In the world of great change we know there is great resistance and is one of the biggest challenges that leaders face. So how do you lessen the impact of reduced output, employees quitting, transfer requests, in-house quarrelling, hostility and the constant barrage of reasons why stakeholders think it won’t work? By involving team members and encouraging them to participate in areas that bring out their strengths can reduce resistance, although if not done well can negatively backfire. You need to understand that resistance is generally associated more with social change rather than technical change, and develop strategies accordingly.

As a leader it is your role to identify and manage resistance. Team members previous experiences that relate to the technical change maybe negative, so it is important to involve them in discussions and create opportunities for them to challenge their ways of thinking around the change. Set fears to rest and provide the more reluctant members of the team with certainty. Emphasising new standards of performance and team member attitudes is important in building trust from team members who haven’t got on board yet. Remember, confidence is frequently contagious.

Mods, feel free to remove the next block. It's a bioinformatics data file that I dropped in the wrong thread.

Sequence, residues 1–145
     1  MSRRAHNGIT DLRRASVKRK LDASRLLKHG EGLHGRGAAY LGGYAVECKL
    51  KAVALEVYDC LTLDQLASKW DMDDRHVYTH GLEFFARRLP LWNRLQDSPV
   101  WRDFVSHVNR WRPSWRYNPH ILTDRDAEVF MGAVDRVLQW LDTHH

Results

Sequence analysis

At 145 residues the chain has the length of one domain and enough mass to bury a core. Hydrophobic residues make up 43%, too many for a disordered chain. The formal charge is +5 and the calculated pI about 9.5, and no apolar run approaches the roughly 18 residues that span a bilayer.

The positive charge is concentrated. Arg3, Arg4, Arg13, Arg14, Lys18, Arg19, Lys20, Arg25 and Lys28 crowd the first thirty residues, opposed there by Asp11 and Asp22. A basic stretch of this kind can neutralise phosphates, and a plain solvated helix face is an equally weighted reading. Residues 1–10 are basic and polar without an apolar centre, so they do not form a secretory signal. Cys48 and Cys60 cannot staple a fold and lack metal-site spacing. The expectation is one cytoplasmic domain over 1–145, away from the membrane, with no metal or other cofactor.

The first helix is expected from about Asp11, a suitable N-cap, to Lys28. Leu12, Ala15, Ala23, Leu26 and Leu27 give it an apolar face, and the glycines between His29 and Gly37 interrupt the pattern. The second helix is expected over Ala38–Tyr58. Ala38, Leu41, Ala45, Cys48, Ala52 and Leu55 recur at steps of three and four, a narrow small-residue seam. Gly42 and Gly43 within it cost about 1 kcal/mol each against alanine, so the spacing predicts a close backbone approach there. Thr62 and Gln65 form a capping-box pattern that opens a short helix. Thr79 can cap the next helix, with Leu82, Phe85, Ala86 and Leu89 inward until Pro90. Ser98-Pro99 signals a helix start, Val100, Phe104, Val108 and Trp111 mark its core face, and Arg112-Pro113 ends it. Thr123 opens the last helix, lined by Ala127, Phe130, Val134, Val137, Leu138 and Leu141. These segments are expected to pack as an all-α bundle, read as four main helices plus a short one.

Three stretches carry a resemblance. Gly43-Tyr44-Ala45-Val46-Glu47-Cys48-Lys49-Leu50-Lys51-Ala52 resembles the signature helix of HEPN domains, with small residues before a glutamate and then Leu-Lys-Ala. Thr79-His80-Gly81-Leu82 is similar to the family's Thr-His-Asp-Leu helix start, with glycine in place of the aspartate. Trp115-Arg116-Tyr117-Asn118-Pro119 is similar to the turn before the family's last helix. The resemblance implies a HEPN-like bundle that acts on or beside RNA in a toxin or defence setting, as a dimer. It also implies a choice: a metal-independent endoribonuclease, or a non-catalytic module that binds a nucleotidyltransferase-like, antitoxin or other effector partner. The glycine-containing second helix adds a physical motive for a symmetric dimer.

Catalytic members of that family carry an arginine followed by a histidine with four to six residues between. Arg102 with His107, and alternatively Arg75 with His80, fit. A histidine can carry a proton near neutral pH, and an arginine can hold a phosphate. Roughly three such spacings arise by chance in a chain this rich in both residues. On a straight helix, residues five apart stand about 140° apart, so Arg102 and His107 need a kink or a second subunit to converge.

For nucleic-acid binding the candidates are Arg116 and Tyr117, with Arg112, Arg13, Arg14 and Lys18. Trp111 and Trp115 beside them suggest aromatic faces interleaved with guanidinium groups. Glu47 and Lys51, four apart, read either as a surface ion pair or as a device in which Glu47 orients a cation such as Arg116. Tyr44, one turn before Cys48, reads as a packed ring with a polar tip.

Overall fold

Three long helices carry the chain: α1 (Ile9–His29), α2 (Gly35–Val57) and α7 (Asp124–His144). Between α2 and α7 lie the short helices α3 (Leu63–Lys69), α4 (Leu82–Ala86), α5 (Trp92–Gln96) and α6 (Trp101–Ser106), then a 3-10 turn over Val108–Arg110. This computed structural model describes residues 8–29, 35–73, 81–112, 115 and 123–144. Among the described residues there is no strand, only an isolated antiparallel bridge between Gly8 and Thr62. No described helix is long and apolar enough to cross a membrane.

“Doubts are roadblocks in the process of change. You can get a lot further on this road with patience and clear, constructive guidance.” Anonymous

You need to be aware that resistance to change should not always be viewed as negative, because it might be showcasing red-flags that need to be attended to. (Lawrence, 1969) Therefore, it is important to listen and observe first, before reacting or acting to resistance to change. You might be able to save yourself and everyone else a lot of hassle if it is a red-flag.

Having a greater understanding of the challenges you may face and how to deal with resistance allows you to manage a change process with greater confidence. Being proactive in planning a change process that is based on open and transparent communication will provide solid foundations in achieving success. In part two, which will be released next week, I will identify a number of challenges and resistance you may face when implementing organisational change. The next article (part three) highlights factors for success during change and implementing a continual change culture.

Did you miss part one? Click here